At a subsequent period, however, Dr. Witherspoon again took the subject into consideration; and at length, through the influence and representations of Mr. Stockton, of whom we have spoken in the preceding memoir, acceded to the wishes of the trustees, in accepting the presidency of the college. It reflects no small honor upon Dr. Witherspoon, that he should consent to cross the ocean, and take charge of a college in a new country, leaving behind him a sphere of great respectability, comfort, and usefulness. Having previously declined, it is understood, an urgent invitation to an honorable station in Dublin, in Rotterdam, and in the town of Dundee, in his own country. It deserves also to be mentioned, that a little previous to his embarking for America, and while still in a state of suspense, respecting his duty, an unmarried gentleman of considerable fortune, and a relation of the family, offered to make him his heir, provided he would remain in Scotland.
Dr. Witherspoon arrived in America in August, 1768, and in the same month was inaugurated president of the college. The fame of his literary character caused an immediate accession to the number of students, and an increase of the funds of the college. At that time it had not been patronized by the state. It had been founded and supported by private liberality. At the period of Dr. Witherspoon's arrival, the finances of the college were in a low and declining condition. His reputation, however, in connection with his personal exertions, excited the generosity of all parts of the country, from Massachusetts to Virginia; in consequence of which, the finances of the institution were soon raised to a flourishing state. During the war of the revolution, the college was broken up, and its resources nearly annihilated. Yet it can scarcely be estimated how much the institution owed, at that time, to the enterprise and talents of Dr. Witherspoon.
"But the principal advantages it derived," says Dr. Rogers, in a discourse occasioned by his death, "were from his literature, his superintendency, his example as a happy model of good writing, and from the tone and taste which he gave to the literary pursuits of the college."
He made great alterations in every department of instruction. "He endeavored," says the same writer, "to establish the system of education in this institution, upon the most extensive and respectable basis, that its situation and its finances would admit. Formerly, the course of instruction had been too superficial: and its metaphysics and philosophy were too much tinctured with the dry and uninstructive forms of the schools. This, however, was by no means to be imputed as a defect to those great and excellent men who had presided over the institution before him, but rather to the recent origin of the country, the imperfection of its state of society, and to the state of literature in it. Since his presidency, mathematical science has received an extension that was not known before in the American seminaries. He introduced into philosophy all the most liberal and modern improvements of Europe. He extended the philosophical course to embrace the general principles of policy and public law; he incorporate with it sound and rational metaphysics, equally remote from the doctrines of fatality and contingency, from the barrenness and dogmatism of the schools, and from the excessive refinements of those contradictory, but equally impious sects of skepticism, who wholly deny the existence of matter, or maintain that nothing but matter exists in the universe.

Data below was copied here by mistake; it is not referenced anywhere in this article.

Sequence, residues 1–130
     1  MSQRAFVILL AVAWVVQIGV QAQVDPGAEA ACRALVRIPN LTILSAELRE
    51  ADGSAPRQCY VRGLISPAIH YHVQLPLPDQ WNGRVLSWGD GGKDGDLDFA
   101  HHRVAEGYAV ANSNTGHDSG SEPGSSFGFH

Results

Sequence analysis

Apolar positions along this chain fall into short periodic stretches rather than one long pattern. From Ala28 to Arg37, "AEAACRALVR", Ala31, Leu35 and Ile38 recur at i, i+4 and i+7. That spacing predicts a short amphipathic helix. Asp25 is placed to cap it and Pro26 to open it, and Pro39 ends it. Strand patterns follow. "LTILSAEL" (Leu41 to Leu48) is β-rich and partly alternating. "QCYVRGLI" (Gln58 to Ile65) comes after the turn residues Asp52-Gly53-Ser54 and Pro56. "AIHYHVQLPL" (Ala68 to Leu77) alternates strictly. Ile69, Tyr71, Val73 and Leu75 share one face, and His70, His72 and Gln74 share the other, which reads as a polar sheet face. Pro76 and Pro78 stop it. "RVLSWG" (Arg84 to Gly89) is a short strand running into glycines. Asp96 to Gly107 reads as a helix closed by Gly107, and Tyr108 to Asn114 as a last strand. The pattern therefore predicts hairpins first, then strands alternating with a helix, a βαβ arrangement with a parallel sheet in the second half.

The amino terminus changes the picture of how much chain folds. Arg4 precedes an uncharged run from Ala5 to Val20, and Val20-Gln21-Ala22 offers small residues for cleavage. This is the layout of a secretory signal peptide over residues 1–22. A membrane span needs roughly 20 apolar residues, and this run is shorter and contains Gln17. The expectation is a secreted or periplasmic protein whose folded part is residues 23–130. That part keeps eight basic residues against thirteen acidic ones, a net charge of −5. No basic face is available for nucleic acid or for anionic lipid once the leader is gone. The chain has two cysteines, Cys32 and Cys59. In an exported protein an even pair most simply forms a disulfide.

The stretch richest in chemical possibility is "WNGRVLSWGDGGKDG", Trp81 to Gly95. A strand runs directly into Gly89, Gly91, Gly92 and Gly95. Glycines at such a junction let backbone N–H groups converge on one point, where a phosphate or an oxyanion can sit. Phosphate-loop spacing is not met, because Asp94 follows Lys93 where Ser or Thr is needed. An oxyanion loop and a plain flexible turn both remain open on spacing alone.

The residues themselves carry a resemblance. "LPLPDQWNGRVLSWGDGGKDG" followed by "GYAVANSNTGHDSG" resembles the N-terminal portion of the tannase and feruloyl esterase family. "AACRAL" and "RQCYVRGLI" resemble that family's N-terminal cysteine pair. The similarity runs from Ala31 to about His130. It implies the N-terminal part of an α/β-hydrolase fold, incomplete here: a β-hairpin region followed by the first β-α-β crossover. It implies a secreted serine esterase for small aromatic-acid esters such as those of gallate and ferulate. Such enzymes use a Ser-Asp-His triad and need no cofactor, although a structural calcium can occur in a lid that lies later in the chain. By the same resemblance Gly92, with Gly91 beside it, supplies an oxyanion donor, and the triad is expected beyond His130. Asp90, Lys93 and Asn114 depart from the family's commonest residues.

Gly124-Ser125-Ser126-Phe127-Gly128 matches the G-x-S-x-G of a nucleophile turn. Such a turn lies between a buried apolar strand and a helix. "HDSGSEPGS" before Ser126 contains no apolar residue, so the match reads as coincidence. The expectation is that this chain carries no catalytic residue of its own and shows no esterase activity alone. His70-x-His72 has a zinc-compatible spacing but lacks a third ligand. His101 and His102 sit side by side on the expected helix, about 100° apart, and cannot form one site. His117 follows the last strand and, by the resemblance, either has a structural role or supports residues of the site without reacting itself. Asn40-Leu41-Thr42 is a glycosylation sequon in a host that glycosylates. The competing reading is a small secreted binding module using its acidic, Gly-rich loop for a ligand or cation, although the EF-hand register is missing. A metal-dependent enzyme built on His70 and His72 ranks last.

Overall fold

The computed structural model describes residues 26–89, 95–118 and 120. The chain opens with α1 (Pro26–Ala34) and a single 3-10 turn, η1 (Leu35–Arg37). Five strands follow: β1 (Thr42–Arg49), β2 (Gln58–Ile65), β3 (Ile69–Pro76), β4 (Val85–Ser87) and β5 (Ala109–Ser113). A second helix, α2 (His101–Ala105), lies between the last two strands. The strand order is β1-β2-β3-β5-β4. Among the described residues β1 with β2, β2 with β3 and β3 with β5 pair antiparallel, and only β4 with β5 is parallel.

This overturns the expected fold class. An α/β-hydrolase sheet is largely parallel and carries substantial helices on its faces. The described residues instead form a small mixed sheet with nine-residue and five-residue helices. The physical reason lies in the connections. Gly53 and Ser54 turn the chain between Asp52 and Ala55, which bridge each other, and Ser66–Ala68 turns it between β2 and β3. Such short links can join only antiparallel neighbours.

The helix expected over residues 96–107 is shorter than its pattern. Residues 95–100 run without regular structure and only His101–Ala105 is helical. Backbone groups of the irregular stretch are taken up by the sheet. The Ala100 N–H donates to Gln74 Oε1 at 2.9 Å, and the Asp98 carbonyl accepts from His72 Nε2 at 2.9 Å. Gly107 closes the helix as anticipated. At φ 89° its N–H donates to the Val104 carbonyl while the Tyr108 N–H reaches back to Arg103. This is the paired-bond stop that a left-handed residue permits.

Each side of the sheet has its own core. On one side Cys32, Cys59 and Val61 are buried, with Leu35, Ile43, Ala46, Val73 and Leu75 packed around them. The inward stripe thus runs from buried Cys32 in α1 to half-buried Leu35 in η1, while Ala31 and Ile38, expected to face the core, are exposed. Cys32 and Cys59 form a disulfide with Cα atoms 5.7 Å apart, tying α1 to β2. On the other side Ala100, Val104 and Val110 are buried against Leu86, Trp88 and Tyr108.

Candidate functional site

"He laid the foundation of a course of history in the college, and the principles of taste, and the rules of good writing, were both happily explained by him, and exemplified in his manner." He possessed an admirable faculty for governing, and was very successful in exciting a good degree of emulation among the pupils committed to his care. Under his auspices, many were graduated, who became distinguished for their learning, and for the eminent services which they rendered their countrymen as divines, as legislators, and patriots.
On the occurrence of the American war, the college was broken up, as has already been noticed, and the officers and students were dispersed. Dr. Witherspoon now appeared in a new attitude before the American public. Although a foreigner, he had laid aside his prejudices on becoming a citizen of the country, and now warmly espoused the cause of the Americans against the English ministry. His distinguished abilities pointed him out to the citizens of New-Jersey, as one of the most proper delegates to that convention which formed their republican constitution. In this respectable assembly he appeared, to the astonishment of all the professors of the law, as profound a civilian as he had before been known to be a philosopher and divine.
Early in the year 1776, be was elected a representative to the general congress, by the people of New-Jersey. He took his seat a few days previously to the fourth of July, and assisted in the deliberations on the momentous question of a declaration of independence. Of this measure he was an advocate. It was a happy reply which be made to a gentleman who, in opposing the measure, declared that the country was not yet ripe for a declaration of independence. "Sir," said he, "in my judgment the country is not only ripe, but rotting."